Preferably, binder component solids content in the invented compositions is at about 75 to about 98 wt. % of total solids content to obtain good film-forming characteristics and dispersibility of colorants if used, with about 80 to about 95 wt. % being more preferred. Chlorinated polyolefin component solids content preferably is about 0.5 to about 10 parts by weight per hundred parts by weight binder solids to achieve good adhesion promotion without difficulty in dispersing the component in the invented compositions. Polyorganosiloxane component content preferably ranges from about 2 to about 20 parts by weight per hundred parts by weight binder solids to provide mar and abrasion resistance without oiliness. Thickener component solids content preferably ranges from about 0.5 to about 30 parts by weight per hundred parts by weight of binder solids with precise amounts varying with desired product viscosity. Preferred crosslinking agent solids content ranges from about 1 to about 10 parts by weight per hundred parts by weight binder component solids.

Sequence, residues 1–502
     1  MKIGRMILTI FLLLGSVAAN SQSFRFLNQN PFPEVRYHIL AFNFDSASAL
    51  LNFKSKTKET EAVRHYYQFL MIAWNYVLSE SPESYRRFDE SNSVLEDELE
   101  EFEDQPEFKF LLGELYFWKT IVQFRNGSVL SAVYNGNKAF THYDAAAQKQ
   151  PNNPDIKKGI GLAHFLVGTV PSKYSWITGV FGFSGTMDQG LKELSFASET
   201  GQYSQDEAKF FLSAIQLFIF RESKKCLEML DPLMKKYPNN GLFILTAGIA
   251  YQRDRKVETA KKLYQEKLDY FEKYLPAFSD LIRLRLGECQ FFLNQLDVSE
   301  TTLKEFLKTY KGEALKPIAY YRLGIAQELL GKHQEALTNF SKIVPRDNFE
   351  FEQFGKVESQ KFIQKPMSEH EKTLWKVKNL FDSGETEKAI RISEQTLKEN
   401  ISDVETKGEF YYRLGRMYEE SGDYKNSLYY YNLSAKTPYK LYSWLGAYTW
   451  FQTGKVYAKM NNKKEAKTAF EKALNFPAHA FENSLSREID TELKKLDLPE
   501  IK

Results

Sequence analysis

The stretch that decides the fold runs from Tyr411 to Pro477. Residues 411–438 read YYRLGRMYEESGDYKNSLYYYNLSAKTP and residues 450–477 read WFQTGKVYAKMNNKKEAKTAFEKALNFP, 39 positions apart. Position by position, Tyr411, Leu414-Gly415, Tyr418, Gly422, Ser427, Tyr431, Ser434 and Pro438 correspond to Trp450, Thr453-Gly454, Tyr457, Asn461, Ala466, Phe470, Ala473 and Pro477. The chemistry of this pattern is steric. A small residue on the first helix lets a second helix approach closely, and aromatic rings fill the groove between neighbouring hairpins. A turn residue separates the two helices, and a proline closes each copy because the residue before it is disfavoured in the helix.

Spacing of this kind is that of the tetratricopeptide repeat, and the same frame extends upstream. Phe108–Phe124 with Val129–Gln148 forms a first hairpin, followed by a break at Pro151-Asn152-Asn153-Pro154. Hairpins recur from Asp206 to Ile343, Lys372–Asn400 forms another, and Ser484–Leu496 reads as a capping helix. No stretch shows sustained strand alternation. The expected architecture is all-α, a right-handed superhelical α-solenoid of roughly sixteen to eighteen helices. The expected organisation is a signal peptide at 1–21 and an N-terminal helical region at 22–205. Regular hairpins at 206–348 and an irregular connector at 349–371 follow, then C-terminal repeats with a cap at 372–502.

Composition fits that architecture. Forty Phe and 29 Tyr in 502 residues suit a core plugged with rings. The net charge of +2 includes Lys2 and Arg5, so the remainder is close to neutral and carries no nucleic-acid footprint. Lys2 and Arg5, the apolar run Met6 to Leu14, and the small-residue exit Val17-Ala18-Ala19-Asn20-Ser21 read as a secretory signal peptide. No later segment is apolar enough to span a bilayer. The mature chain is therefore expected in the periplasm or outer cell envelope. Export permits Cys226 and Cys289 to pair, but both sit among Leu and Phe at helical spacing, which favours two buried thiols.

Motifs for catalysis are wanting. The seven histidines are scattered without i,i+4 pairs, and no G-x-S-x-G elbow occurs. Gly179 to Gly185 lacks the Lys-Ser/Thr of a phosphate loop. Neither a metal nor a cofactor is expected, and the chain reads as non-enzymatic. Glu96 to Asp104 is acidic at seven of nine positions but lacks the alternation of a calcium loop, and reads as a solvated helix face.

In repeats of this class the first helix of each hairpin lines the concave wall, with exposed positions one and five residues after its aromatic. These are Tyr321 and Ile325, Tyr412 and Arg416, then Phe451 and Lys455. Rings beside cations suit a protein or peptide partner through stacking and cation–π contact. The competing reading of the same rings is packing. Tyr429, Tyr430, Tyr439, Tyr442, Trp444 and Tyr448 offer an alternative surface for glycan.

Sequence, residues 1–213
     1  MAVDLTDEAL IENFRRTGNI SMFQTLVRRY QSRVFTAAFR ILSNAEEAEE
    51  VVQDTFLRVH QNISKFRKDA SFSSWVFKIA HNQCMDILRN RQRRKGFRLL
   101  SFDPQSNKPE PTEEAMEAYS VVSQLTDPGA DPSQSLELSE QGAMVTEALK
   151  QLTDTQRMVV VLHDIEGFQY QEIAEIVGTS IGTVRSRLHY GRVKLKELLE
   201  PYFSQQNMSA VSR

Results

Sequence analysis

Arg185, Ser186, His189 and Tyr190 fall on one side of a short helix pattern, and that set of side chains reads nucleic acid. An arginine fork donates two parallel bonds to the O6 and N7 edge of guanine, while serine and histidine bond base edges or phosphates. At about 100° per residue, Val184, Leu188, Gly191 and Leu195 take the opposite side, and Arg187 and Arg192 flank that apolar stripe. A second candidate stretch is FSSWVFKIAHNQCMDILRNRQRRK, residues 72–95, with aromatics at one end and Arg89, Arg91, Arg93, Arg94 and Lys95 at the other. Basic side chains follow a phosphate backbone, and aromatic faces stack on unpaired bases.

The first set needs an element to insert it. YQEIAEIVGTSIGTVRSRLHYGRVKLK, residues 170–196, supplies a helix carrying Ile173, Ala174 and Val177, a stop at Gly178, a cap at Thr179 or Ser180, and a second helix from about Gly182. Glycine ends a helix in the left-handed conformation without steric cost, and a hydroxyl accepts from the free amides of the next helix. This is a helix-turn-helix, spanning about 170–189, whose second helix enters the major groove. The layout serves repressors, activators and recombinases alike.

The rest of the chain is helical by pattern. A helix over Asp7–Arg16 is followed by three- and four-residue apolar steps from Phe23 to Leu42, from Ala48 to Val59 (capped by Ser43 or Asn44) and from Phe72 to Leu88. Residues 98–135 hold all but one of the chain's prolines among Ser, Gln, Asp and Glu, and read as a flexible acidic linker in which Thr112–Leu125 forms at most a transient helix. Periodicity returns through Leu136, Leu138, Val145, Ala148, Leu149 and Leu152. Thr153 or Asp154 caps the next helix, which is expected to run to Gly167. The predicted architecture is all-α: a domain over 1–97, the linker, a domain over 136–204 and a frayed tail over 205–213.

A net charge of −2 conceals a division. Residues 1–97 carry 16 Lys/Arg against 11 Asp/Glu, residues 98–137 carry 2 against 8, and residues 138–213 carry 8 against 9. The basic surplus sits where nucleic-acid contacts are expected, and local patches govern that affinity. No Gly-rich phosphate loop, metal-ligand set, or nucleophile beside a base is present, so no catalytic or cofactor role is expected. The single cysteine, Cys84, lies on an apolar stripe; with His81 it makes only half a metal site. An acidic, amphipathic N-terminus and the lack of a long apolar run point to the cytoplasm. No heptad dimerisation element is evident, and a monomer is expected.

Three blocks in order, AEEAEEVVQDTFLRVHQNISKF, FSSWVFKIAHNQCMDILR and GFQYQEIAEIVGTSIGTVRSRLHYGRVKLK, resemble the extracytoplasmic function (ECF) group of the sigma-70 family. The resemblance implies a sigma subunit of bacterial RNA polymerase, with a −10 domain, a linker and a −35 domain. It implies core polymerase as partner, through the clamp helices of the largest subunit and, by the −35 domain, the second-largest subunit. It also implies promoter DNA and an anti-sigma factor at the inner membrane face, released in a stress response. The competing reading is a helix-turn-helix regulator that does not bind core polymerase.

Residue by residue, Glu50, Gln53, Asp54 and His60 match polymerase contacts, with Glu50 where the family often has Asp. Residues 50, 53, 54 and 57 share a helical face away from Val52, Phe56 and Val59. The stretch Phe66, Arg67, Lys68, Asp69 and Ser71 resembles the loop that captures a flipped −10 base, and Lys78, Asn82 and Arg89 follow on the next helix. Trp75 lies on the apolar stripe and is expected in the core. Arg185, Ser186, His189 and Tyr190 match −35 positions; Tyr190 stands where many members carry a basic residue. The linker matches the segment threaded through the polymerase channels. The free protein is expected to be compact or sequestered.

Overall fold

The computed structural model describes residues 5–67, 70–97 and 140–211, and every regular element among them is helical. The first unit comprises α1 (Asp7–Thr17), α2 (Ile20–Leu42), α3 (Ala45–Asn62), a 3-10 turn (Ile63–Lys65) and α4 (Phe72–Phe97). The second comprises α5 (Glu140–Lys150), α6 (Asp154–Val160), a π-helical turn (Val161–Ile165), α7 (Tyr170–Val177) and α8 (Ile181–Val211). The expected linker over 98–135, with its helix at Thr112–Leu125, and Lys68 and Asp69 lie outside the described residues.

Colorant compositions that can be included in the invented compositions are materials dispersible therein and include a wide range of materials known to the art. Examples include titanium dioxide, a well known white pigment, as well as various organic colorant compositions such as organic colorant dispersions and micronized powders capable of being dispersed in the invented compositions. Specific examples of organic colorant compositions include resin-dispersed pigments such as Flexiverse pigments from Sun Chemical Co. comprising colorants dispersed in acrylic resin compositions and those known as Hi-Fast N pigments from BASF.
Colorants are included in amounts effective to achieve the desired degree of coloration in finished products, with greater amounts producing deeper shades and lesser amounts producing lighter shades. Preferred colorant levels range from about 0.05 to about 5 wt. % based on weight of the dispersion compositions to achieve coloration without reducing resistance to crock in finished products.